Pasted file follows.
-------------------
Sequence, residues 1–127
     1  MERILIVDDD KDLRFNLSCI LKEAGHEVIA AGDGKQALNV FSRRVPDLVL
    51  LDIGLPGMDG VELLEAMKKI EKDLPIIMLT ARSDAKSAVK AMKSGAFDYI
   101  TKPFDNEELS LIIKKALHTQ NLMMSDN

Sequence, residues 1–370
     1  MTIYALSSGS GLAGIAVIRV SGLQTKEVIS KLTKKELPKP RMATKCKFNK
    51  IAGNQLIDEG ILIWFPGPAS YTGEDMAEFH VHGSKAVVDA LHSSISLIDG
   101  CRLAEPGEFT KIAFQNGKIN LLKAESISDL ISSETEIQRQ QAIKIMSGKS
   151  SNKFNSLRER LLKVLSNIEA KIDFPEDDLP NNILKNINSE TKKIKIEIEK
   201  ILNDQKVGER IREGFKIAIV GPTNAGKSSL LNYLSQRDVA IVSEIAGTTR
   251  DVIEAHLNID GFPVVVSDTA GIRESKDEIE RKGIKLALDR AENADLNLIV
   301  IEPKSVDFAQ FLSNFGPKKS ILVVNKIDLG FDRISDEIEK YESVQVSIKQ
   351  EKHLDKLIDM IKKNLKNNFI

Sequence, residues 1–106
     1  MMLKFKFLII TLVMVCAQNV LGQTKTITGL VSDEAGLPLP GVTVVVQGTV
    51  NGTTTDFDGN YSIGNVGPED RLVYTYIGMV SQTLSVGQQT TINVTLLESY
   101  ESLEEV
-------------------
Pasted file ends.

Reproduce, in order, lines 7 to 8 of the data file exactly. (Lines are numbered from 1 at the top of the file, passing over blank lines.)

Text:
    51  IAGNQLIDEG ILIWFPGPAS YTGEDMAEFH VHGSKAVVDA LHSSISLIDG
   101  CRLAEPGEFT KIAFQNGKIN LLKAESISDL ISSETEIQRQ QAIKIMSGKS